True communication begins with listening. If I have not accurately heard my client, my ability to assist and communicate a means of resolution is nearly impossible. The same goes for dealing with the attorney or the party on the other side of the dispute. Both in mediation and litigation a lawyer must clearly understand the other side’s point of view and what they hope to achieve in resolution. Rarely is there only one way to proceed. Through good listening I am able to provide multiple approaches to a particular client’s needs. Only after proper listening am I able to effectively communicate a proposed course of action and assist my client toward resolution.
Robert, you have established a great reputation for helping your clients maintain a clear direction and for staying focused. How do you go about achieving this?
Paying attention to the details is paramount. When a client calls or sends an email, I try to respond quickly. Family disputes are often highly charged. By responding quickly to the client’s need, I help them continue to see the big picture and how all the pieces fit together toward the final resolution that they seek.
Working through disputes can be tricky for people. What percentage of your clients come with the experience needed to navigate these situations?
I mostly work with people in family disputes. They may be in a divorce, custody dispute or may be children trying to navigate through the challenges associated with caring for an elderly parent. These family-related problems are often emotionally charged and clients who may be very capable of resolving disputes in the workplace or in other groups they are associated with find themselves at a loss within their own family dynamic. Many families are stuck in financial and communication quagmires which they are unable to overcome without my assistance or the assistance of the court. Thus, the majority of my clients are at their wit’s end; at a total loss as to how to proceed because their efforts have failed to resolve the problem. It is important for them to know that they are not alone and that there is a way through the problem.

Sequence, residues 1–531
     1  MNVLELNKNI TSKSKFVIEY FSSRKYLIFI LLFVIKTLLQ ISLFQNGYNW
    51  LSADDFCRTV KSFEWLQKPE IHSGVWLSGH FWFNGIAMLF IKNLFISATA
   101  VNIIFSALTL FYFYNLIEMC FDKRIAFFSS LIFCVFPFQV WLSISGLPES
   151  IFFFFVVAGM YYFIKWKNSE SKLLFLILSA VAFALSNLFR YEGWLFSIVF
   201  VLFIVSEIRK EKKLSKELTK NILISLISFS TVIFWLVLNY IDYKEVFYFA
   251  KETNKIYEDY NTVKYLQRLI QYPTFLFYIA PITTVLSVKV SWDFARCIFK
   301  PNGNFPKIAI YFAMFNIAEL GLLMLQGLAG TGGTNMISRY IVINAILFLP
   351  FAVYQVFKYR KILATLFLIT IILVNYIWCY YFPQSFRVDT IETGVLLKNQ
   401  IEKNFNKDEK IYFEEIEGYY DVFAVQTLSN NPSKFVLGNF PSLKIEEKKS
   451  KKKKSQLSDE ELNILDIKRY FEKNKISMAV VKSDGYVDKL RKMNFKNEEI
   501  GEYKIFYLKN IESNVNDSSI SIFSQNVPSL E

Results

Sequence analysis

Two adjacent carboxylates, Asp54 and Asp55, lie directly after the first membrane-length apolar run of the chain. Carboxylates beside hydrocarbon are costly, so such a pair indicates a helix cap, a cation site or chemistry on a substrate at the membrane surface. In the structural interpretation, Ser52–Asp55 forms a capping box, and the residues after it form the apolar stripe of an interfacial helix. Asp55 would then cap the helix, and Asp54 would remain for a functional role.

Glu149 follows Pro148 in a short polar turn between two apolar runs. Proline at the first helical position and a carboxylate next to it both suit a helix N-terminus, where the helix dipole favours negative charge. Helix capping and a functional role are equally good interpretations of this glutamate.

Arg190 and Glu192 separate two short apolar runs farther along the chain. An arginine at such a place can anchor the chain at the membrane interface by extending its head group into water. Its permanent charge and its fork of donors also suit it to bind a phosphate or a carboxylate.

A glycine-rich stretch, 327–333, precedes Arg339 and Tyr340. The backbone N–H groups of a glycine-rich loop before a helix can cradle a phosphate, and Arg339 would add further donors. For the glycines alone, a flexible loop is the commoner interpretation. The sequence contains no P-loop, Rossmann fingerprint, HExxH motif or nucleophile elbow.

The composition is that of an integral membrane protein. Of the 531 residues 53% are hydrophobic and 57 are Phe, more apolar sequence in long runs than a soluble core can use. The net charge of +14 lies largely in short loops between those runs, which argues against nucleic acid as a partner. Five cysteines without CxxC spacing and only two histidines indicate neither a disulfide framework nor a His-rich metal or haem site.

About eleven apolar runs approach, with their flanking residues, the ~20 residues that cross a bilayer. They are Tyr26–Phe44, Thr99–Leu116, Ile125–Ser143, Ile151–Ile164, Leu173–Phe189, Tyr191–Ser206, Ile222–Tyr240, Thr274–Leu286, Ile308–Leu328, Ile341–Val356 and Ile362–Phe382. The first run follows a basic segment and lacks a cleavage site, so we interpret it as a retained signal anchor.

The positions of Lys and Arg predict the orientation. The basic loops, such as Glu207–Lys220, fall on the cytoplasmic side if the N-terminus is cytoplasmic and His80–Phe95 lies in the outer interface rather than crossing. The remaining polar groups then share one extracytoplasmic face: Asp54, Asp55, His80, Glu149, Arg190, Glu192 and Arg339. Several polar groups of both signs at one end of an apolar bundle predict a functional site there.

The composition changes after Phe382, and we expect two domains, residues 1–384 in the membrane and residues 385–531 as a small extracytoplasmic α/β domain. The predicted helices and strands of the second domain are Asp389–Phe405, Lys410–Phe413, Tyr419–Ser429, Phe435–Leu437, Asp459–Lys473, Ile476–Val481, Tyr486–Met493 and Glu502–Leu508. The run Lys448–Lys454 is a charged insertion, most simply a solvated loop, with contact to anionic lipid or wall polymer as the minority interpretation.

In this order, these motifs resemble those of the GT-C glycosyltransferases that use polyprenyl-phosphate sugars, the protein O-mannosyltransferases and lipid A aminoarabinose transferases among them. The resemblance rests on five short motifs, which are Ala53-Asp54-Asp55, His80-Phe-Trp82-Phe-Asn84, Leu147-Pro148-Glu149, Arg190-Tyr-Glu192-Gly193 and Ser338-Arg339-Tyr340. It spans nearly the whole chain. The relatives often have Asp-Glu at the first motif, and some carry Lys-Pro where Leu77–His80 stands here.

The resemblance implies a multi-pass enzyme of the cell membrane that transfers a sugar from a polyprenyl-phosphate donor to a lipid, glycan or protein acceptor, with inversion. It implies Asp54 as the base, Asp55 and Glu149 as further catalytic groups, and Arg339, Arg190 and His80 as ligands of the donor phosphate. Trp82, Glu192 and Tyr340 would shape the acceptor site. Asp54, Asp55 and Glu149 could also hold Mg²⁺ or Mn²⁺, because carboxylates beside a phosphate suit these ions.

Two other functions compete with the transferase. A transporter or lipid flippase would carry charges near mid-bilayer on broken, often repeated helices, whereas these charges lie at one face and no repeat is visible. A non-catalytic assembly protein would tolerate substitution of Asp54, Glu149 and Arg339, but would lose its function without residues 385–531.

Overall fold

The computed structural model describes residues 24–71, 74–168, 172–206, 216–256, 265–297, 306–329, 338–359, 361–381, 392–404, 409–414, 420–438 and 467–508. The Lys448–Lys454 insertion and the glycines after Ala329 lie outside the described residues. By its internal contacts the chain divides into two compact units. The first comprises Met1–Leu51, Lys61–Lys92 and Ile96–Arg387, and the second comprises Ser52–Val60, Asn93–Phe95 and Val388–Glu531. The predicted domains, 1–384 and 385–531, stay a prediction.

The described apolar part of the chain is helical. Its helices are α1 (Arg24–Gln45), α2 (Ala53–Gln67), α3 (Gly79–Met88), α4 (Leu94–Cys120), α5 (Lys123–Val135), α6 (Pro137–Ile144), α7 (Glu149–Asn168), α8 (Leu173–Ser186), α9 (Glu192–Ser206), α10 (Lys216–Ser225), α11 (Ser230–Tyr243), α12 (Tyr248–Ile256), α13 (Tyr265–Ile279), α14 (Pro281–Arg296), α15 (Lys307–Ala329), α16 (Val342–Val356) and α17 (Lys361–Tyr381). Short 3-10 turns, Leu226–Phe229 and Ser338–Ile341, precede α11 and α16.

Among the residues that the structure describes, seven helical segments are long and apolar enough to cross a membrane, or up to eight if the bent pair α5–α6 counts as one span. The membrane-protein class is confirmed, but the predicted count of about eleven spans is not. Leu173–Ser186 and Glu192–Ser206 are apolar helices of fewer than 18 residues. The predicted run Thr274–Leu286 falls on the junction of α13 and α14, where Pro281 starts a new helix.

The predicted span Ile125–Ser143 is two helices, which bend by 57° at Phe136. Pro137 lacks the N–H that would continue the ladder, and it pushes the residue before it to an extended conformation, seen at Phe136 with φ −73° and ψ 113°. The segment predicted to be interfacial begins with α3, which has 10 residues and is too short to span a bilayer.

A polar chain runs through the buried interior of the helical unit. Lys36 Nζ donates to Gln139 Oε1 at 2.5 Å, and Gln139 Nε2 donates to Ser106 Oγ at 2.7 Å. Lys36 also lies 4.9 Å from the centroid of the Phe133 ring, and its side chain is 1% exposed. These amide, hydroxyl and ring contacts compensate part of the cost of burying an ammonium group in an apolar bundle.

Making concessions can often be viewed as a form of weakness. What can you say about this?
Successful people are the best at the art of concession and compromise. Without it, we spend enormous energy fighting unnecessary battles. Most people seek resolution of their disputes with family or neighbors. They do not want the dispute to go on and on, leaving scars. I help people see how the right compromise can lead to a brighter future.
Please talk about how you become an advocate and ally for your clients.
My clients often tell me that by listening to them and showing them that I truly understand the problem, this creates confidence and belief in me when I suggest how to resolve the issue. Most clients are not looking for a warrior to lead them into battle but rather someone who truly understands their situation, helps them plan and stands with them through the difficult times. Advocacy flows from listening and belief in the client’s cause so that proper planning can effectively carry out the client’s wishes.
Robert, please tell us about the estate planning, trusts and wills side of your business.
Creating trusts, wills and powers of attorney for people of all ages helps people avoid future disputes by planning in the present. Only about 40% of Americans have a will or trust when they die. They often leave chaos for the families they leave behind. This kind of planning is not just for money and assets but is planning that helps children navigate the difficult times following an early death of a parent. Placing assets in trust is good planning for the care of children and may be important for tax advantages as well.
What are some of the most overlooked aspects of trusts and wills that you often run across?